Even the cartoon bunny gets it.

  5. At about the 8:23 mark, Mary says something about a common mistake made by men writing female POV characters — “the women are looking at the wrong things”. I’d like to see y’all expand on that in a future episode.

    1. That would quickly drag us well into the realm of the “explicit” tag. If you need that information, you should probably talk to some women.

      Good luck with that, by the way. ;-)

  6. @klmercer
    Again, you’re mistaking a simple point of logic for a personal attack. Please don’t make that mistake.

  7. Dallan:
    This episode should have been title “Writing Sex Scenes” most of the love scenes I’ve read have nothing to do with sex, but with actual love or romance.
    Romantic love is distiguished from other types of love by one very important feature — a desire to have sex. It might be a desire to have sex after marriage, but if that desire is not there then it is some other type of love. So– when writing a love scene that is believable one needs to understand the tools in order to decide how to show that desire even if it isn’t acted upon.

    At no point do we say that a love scene must have sex onstage. In fact, we say pretty much the opposite of that, which is that it should only be onstage if it moves the action forward, develops character, and entertains the reader. Part of making those decisions is understanding your story and who your audience is.

    At the end of the day, however, you need to have an understanding of the tools in the toolbox.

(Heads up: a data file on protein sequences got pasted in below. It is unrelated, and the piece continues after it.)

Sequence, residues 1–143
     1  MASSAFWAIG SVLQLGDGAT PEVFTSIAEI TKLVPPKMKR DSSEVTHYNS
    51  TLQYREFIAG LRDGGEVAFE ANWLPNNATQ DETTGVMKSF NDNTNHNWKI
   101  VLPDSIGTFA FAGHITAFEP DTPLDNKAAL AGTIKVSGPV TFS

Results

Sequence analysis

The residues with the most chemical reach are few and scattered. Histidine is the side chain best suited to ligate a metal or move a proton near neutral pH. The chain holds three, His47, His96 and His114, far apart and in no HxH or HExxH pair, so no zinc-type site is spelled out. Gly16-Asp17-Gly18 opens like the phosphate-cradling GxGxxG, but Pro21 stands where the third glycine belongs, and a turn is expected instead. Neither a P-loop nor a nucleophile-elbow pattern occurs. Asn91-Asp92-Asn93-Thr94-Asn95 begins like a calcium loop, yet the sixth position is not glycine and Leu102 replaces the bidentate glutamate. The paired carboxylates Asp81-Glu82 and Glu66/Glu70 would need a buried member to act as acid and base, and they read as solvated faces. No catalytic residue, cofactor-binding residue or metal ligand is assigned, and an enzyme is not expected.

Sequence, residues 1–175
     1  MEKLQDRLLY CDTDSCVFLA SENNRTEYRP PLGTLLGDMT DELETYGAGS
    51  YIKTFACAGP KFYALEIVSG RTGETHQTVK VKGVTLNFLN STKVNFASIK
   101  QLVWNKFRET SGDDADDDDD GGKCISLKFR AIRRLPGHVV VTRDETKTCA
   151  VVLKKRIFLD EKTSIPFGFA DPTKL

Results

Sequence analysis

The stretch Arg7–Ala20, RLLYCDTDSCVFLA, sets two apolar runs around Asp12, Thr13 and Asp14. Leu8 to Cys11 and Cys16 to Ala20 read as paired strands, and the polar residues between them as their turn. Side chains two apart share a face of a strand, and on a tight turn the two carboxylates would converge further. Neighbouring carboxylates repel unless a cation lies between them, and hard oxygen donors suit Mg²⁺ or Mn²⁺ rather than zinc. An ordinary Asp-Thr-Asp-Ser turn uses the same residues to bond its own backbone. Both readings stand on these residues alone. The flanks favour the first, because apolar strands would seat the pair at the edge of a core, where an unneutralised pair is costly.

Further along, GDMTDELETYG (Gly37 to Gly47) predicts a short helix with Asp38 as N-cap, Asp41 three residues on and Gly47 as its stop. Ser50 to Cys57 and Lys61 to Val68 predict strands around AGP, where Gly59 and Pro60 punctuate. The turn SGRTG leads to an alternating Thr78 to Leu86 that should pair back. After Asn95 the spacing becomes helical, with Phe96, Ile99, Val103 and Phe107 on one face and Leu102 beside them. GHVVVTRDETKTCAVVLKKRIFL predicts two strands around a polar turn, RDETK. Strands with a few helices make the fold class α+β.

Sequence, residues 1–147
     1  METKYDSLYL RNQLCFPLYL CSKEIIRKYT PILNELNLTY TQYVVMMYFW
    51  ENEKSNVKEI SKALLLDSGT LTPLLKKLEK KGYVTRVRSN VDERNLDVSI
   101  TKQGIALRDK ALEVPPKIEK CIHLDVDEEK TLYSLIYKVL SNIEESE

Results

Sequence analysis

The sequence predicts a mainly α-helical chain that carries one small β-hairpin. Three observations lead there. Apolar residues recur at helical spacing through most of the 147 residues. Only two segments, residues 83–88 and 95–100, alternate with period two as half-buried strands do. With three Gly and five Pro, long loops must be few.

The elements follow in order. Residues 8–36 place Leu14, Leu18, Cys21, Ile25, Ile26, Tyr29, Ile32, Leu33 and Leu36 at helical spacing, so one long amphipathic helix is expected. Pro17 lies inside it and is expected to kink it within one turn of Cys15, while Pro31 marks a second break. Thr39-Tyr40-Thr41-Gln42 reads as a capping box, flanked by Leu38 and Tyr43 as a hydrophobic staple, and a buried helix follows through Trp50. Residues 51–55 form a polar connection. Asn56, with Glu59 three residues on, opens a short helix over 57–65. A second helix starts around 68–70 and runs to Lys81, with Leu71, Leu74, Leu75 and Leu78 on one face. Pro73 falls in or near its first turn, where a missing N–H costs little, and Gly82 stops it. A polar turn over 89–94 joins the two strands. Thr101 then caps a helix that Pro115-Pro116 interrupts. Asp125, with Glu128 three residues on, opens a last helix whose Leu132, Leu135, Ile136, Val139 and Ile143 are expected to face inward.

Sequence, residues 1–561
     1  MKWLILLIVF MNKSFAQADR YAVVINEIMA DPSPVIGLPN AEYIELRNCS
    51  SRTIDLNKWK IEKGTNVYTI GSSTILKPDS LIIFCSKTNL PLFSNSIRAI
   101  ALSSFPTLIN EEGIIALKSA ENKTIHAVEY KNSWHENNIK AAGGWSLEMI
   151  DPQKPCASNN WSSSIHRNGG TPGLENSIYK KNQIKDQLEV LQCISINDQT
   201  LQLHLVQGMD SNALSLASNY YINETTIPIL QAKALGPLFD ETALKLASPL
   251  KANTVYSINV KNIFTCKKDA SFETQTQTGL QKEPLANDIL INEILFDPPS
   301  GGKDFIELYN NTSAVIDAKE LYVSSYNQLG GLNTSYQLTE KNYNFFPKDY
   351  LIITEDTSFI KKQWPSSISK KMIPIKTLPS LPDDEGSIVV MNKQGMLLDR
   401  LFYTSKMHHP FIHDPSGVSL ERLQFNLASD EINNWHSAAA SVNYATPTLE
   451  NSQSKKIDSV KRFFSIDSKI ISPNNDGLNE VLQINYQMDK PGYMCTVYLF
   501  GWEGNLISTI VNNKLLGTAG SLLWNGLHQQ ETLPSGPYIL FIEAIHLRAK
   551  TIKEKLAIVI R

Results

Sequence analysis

8. @ Dallan:

    I never treated you as though you made a personal attack on me (so saying “again” makes no sense), only pointed out the flaws in your post above. You keep trying to refute arguments I never made. However, there are several people who HAVE attacked the PODCASTERS personally. Saying “I’ve lost respect for you” or “I thought you were better than this” IS a personal attack, not a “point of logic,” and while the podcasters are capable of defending themselves I thought they might like to know that there are some listeners who appreciate what they are doing for us.

  9. Thanks for doing this and bringing in an expert. I’ve been afraid to even attempt writing physical intimacy but the way Shanna put in the context of character and doing multiple things in the story like any other scene made a lot of sense. Now the idea seems more manageable and less weird.

  10. Hey, I give my thanks to Shanna. I do not read erotica and I have no plans to write erotica. Nonetheless, Shanna’s presentation helped me to understand how to write love scenes. She did well with explaining the importance of character development, plot, and setting, all of which add to mood and other essentials. This gave me a lot of insight to writing romance. I plan to write clean love scenes and Shanna inspired me. Thanks Shanna! Thanks podcasters!